Seeing Modern Pictures




In front of a landscape to-day the modern artist is aware of a conflict between his subjective feelings about it and the detachment needed to create a work which will be a plastic object in its own right. In my present paintings I have tried to resolve this conflict and present a synthesis for myself by using colour relationships to suggest space and rhythm and minimal figuration to present a sense of place. Olga Davenport

In this chapter, I would like to look more closely at the nature of depiction. Within the constraints of pictorial Modernism with which Olga Davenport was working, her abstract paintings were, nevertheless, pictures – they had pictorial content. They were, for the most part, landscapes. What is the nature of a spectator’s experience when she ‘sees’ the content in a representational painting? And, more pressingly, what is the nature of that experience when looking at a Modernist picture? The first of these two related questions is very general and I shall start by considering the two most likely candidates put forward in an attempt to answer it. These are (i) the illusionist view; and (ii) the transparency view. The illusionist view is widespread amongst artists and art historians alike. The illusionist claim is that when I look at a picture I undergo an illusion such that it is phenomenologically just as if I were seeing, face to face, the depicted scene. Illusionism is an ancient view which has persisted at least since the time of Aristotle’s contemporaries Zeuxis of Heraclea and Parrhasius of Ephesus (and later Athens). According to Pliny the Elder in his Naturalis Historia, the two painters are reported to have staged a contest to determine which of the two was the greater artist. When Zeuxis unveiled his painting of grapes, they appeared so naturalistic that birds flew down from the sky to peck at them. Zeuxis then asked Parrhasius to draw aside the curtain from his painting, only for Parrhasius to reveal the curtain itself was a painting; and Zeuxis was forced to concede defeat. Zeuxis is rumoured to have said: ‘I have deceived the birds, but Parrhasius has deceived Zeuxis.’ In other words, while his work had managed to fool the eyes of birds, Parrhasius' work had deceived the eyes of a man, and more particularly an artist whose profession it is to create illusions.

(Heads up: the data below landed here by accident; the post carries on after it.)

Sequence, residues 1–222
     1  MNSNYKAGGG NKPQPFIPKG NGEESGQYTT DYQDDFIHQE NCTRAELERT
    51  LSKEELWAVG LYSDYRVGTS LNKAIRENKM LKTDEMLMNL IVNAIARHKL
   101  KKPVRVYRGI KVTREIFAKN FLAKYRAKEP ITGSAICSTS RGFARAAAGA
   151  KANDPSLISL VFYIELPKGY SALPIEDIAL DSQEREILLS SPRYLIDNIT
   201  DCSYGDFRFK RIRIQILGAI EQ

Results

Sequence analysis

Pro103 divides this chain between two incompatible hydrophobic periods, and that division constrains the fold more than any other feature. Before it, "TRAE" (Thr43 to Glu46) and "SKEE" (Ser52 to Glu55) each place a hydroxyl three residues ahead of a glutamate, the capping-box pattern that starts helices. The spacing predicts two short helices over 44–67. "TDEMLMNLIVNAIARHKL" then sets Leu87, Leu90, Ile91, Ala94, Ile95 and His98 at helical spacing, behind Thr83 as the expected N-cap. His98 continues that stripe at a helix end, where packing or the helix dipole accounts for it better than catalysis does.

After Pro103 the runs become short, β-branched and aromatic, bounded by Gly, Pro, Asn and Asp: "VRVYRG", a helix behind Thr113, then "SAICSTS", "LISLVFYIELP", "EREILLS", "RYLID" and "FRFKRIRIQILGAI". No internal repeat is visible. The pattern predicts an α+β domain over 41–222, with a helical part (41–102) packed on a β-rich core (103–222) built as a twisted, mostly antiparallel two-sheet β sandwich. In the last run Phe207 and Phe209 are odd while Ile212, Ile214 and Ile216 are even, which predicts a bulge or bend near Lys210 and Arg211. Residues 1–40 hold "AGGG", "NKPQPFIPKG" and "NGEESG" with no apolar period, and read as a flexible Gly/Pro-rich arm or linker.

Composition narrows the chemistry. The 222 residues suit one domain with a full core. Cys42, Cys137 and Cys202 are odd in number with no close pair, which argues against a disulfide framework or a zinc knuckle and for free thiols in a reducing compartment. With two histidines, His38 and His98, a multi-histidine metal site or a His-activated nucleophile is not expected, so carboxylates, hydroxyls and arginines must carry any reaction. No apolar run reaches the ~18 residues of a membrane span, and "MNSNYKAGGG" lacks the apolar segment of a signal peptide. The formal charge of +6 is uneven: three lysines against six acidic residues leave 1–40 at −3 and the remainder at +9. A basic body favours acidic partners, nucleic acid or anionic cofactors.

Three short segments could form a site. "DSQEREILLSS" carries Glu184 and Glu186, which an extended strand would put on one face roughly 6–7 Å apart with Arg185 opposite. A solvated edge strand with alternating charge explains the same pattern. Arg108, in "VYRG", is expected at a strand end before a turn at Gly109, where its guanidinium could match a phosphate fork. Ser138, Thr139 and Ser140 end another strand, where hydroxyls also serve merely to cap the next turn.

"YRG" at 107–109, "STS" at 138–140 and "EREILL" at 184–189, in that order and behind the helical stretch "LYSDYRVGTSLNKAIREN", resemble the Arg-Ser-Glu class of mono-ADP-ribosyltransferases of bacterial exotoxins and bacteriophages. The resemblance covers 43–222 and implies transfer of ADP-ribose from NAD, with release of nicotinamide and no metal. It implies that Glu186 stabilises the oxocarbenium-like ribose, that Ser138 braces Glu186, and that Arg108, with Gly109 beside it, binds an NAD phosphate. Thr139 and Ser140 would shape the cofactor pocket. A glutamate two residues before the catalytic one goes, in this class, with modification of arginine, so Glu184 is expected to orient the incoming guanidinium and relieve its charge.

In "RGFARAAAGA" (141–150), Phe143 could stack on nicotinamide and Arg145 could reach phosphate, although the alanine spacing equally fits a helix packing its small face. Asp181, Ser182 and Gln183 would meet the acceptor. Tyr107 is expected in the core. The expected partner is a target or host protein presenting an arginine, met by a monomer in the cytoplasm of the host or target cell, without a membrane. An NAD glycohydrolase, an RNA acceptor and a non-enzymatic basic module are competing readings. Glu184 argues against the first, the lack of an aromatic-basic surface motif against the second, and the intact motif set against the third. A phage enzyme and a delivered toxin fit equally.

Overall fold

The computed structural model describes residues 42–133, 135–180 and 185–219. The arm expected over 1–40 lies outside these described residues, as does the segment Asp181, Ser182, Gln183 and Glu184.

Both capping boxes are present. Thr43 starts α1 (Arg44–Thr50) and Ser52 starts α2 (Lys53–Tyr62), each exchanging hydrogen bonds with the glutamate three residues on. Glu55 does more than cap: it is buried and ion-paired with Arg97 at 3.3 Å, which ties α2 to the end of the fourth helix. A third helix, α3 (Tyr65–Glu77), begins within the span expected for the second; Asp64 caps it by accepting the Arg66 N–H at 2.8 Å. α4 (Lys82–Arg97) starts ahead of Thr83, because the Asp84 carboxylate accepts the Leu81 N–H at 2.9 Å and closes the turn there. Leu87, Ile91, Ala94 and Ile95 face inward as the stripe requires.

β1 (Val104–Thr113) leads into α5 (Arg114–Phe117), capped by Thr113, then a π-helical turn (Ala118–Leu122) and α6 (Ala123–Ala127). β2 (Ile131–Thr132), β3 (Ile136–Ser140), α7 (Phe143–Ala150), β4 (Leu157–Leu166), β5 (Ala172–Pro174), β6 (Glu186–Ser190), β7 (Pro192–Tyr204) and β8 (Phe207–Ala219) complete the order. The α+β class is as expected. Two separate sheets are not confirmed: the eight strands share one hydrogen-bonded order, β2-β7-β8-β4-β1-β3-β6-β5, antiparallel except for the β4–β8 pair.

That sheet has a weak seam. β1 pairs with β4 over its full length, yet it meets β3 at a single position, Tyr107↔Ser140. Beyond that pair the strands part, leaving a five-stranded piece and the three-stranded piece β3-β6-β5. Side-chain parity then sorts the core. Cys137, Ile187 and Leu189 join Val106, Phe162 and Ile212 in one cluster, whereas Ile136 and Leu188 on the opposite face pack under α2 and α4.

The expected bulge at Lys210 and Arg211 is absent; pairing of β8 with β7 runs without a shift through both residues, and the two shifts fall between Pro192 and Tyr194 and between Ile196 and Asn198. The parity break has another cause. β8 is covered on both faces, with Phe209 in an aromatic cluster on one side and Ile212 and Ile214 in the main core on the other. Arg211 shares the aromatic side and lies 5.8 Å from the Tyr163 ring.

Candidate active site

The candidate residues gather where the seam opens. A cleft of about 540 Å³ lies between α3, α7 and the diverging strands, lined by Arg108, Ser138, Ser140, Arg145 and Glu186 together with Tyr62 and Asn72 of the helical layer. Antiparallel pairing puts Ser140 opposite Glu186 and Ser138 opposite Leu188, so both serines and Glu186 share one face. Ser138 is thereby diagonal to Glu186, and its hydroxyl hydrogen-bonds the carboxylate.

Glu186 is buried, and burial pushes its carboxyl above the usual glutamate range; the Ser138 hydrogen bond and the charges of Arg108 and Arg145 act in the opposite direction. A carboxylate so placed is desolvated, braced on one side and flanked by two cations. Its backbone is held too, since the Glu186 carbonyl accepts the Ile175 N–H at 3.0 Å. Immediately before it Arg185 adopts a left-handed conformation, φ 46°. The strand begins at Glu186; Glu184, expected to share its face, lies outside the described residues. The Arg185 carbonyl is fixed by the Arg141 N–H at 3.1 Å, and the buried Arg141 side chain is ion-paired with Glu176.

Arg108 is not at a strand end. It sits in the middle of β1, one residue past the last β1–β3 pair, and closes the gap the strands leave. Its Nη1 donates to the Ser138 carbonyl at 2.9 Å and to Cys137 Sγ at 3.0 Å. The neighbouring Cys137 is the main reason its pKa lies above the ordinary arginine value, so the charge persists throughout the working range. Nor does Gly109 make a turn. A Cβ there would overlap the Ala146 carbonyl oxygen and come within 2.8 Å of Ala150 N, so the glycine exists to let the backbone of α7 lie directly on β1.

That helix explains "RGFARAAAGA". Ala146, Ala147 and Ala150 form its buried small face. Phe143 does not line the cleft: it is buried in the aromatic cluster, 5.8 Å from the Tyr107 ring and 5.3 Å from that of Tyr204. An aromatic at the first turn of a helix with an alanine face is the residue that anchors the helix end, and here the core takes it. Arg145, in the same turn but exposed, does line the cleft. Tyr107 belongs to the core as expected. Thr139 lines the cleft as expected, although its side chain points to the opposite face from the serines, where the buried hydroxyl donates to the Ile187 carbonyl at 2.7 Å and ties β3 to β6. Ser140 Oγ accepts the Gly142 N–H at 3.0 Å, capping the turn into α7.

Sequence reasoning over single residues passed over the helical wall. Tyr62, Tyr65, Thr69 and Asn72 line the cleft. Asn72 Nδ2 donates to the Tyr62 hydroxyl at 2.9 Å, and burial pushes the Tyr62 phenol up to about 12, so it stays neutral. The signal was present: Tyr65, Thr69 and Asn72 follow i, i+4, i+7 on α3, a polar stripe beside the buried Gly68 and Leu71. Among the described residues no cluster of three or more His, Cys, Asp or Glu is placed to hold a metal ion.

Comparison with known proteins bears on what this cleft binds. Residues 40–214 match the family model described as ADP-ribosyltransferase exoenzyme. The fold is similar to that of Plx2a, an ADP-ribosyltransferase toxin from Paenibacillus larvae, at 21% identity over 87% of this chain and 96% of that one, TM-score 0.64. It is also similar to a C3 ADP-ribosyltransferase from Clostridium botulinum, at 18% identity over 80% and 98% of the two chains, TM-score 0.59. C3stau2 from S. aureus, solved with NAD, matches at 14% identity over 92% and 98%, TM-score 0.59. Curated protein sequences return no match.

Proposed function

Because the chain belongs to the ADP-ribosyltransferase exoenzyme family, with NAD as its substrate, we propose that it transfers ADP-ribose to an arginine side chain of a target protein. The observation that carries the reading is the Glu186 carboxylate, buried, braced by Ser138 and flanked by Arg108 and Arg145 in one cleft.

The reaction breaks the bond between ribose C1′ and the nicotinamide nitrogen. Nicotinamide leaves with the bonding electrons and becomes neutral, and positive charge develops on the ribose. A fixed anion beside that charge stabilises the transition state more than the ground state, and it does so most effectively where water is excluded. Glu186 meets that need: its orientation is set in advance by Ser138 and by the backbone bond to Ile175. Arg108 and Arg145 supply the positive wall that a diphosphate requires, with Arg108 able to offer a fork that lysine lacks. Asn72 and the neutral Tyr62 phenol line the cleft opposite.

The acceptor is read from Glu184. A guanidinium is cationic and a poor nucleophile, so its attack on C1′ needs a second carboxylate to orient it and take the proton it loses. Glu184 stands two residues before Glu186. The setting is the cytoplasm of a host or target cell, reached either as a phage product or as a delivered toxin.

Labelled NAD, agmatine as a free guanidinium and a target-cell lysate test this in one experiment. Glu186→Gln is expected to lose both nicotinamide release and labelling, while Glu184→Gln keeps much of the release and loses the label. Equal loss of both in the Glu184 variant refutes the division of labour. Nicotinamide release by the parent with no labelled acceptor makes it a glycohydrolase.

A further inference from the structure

More lately Ernst Gombrich at some places in his Art and Illusion seems to think that the experience we have of pictorial content is to be identified with face to face seeing of the depicted scene. We may know that we are not seeing the depicted scene, but qualitatively our experience, despite our better knowledge, presents us with a content exactly similar to the face to face seeing,

Illusion, we will find, is hard to describe or analyse, for though we may be intellectually aware of the fact that any given experience must be an illusion, we cannot, strictly speaking, watch ourselves having an illusion.

Further in the same passage Gombrich recruits Kenneth Clark’s attempt to provide a description of the phenomenology of looking at pictures:

A master of introspection, Kenneth Clark, has recently described to us most vividly how even he was defeated when he attempted to ‘stalk’ an illusion. Looking at a Velázquez, he wanted to observe what went on when brush strokes and dabs of pigment on the canvas transformed themselves into a vision of transfigured reality as he stepped back. But try as he might, stepping backward and forward, he could never hold both visions at the same time, and therefore the answer to his problem of how it was done always seemed to elude him.